Bite Alarms

May 31, 2019

As I've said before, fishing sessions are like buses, and this month I managed three very enjoyable and productive sessions.

 

For my first session I went to Robin Wood Fishery. I float fished my Redmayne & Todd rod and Mitchell Match reel, with red maggots on a size 14 hook. Temperatures went from the low to mid-fifties with a mixture of sunshine and showers. Carp were topping and rolling as I baited up swims in the margins and a few rod lengths out. Several Roach and Skimmers graced my landing net and I also landed plenty of good sized Gudgeon.

 

The next session was on a warmer, drier day at Beechwood Park. I fished a quiet peg on the usual lake, with a recently purchased Ernest Stamford rod and my trusty Mitchell 300 reel. Live and dead red maggots on a size 16 hook regularly enticed Roach along with several Common and Mirror Carp, weighing between 3 and 4lbs.

My final session this month was at Mill Dam, one of my favourite places to fish. It was a sunny Saturday morning and three other anglers were ledgering when I arrived at 9am. Float fishing red maggots were my tactics for the day, and it wasn't long before I was into the Perch in the margins. I fished until about 1pm and landed a good number of Perch. A short session with temperatures in the mid-sixties by lunchtime. A pleasant return to Mill Dam.

 

As an angler who occasionally fishes for Carp, I've not really had much interest in using bite alarms. I prefer bobbins, swing tips and the sound of the reel to signal a bite when ledgering. I've occasionally seen vintage bite alarms for sale and toyed with the idea of buying a pair to add to my collection for, those occasional days ledgering. Recently I saw a pair of Beacon bite alarms for sale online and took a punt and bought them.

 

Buying the bite alarms made me think about the progress of fishing tackle over the ages and I did some research. From the early days of fishing with a rod and line for sport, anglers used floats made from cork, wood or quill.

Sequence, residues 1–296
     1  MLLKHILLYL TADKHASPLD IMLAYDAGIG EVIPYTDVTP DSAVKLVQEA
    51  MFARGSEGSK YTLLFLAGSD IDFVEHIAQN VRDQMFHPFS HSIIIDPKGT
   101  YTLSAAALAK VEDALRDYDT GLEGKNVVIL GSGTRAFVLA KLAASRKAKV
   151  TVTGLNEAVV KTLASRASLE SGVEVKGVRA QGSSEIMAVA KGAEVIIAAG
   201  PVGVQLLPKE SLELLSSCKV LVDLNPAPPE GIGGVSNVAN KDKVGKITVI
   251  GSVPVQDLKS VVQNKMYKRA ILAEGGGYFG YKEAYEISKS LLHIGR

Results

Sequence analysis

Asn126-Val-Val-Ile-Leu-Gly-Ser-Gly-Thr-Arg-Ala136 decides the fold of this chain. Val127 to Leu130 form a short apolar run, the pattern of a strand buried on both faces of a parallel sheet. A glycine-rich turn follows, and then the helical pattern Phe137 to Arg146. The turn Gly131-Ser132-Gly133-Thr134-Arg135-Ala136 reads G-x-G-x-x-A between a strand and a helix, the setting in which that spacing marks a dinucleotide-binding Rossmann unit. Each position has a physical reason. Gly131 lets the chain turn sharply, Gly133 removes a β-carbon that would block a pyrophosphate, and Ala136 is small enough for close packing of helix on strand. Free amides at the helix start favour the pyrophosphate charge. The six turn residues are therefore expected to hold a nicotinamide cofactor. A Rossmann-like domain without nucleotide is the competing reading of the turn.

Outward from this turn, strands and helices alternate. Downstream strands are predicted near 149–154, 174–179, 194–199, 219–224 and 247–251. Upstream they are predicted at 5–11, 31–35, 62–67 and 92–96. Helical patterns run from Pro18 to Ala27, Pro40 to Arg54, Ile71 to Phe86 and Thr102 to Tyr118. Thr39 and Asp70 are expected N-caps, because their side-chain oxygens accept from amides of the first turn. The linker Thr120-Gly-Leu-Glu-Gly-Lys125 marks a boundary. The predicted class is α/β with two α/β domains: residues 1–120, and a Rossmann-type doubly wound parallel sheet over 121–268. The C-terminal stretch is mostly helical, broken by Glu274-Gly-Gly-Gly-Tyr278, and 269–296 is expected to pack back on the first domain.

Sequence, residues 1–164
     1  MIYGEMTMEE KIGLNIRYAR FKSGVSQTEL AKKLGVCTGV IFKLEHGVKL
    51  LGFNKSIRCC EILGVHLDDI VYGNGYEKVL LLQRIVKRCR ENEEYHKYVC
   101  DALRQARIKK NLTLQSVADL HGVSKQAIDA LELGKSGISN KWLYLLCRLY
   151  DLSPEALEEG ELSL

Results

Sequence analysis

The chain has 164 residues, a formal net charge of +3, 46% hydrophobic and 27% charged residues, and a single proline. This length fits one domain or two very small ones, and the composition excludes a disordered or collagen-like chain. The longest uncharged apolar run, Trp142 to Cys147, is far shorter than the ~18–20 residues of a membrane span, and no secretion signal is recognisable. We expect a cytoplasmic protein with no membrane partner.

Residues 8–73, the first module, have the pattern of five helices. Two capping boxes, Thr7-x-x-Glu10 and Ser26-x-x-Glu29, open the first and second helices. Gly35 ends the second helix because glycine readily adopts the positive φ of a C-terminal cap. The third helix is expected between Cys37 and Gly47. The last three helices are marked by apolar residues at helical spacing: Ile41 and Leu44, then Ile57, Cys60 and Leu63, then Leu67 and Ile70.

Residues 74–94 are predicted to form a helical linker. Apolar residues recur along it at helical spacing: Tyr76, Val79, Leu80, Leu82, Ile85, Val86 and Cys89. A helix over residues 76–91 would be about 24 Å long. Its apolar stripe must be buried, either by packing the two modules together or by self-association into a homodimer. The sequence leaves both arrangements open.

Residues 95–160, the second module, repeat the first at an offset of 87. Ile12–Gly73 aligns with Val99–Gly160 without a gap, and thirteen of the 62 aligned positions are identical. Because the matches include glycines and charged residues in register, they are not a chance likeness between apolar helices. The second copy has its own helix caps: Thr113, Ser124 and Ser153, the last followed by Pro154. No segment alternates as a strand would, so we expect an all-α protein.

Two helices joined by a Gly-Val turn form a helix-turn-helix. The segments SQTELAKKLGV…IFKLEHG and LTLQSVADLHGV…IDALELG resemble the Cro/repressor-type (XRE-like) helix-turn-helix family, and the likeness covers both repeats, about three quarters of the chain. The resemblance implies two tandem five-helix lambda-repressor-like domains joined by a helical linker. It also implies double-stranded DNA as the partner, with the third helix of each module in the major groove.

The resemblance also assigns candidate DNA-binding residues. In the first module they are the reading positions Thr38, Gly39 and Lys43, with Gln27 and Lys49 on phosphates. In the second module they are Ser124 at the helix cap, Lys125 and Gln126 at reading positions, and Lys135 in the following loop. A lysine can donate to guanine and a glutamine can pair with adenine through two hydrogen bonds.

As new materials became available in the twentieth century, fishing tackle developed, giving anglers more choice. As with any interest or hobby becoming popular, people get more competitive. Add to that fishing magazines, networking face-to-face - the old fashioned way - and the need for more information. Also, Carp fishing became more competitive and one of the early Carp records was caught near where I live, at Mapperley Reservoir in 1930 weighing 26lb.

 

Mr Crabtree coiled line under his reel when ledgering for larger fish and Arthur Ransome mentions tin foil over his line to indicate a bite. These methods may not sound very sophisticated by modern standards, but they were fit for purpose at the time, and cheap! Using bite indicators was part of what Arthur Ransome called ‘letting your rod fish on your behalf, rather than holding it in your hand" and watching a float or a fly. Bite alarms enabled anglers to sit away from the water, relax and more importantly, not scare the fish.

 

As technology moved on, silver foil, washing up liquid tops and aerosol can tops were replaced with bobbins and “monkey climbers”. It looks like Dick Walker developed the first bite alarm in the 1950's, and the Heron was a success. Available in cream or grey plastic, they buzzed and had a light to indicate a bite. A down side to the Heron alarms was that they were wired to a power pack containing the battery. Although contrary to the belief of some anglers at the time, they didn't electrocute the fish!

 

The Heron was virtually the only bite alarm on the marked until the late 1970's. Then Carp anglers Del Romang and Kim Donaldson created conversions to update the Heron. According to the Delkinm website; Del and Kim put they their names together to create Delkim, originally set up to develop bait flavours.

 

My Beacon alarms were produced around this time. They have antennas, similar to the Heron alarm, although the Heron, by some accounts, was over-engineered and too fragile for the die-hard Carp angler. Del Romang’s early endeavors using parts from the Heron alarms were getting noticed by some well-known Carp anglers. Utilizing G.P.O. speakers from old telephones, electronic circuitry and L.E.D’s, the Heron was converted. Anglers could send their Heron alarms to be updated, establishing Delkim as a contender in the bite alarm industry.

 

The innovative Optonic alarms were released commercially in the early 1980’s. They had new features but were more importantly, dependable, which made Delkin the benchmark for bite alarms to come. The conversion for the Optomics ended in the mid-eighties due to legal issues – apparently from Efgeeco – which caused Kim Donaldson to leave Delkin.

 

Del Romang wanted to develop his own bite alarms instead of converting existing alarms and the Vibration System was literally dreamt up, then running fishing line over a stylus on a record player! After several years of development it was finally ready in 1992.

 

Other manufactures of bite alarms during the 1980’s included Soundmaster, Rolon and Efgeeco, which developed the Sundridge bite alarm. Later Sundridge models had the batteries in the head unit as batteries got smaller, and a light sensitive sensor which made it reliable a serious competitor for Delkin.

 

Beyond these years we get into more familiar tackle names such as Fox and Nash who developed their own alarms and will probably be written about as vintage and retro some day.

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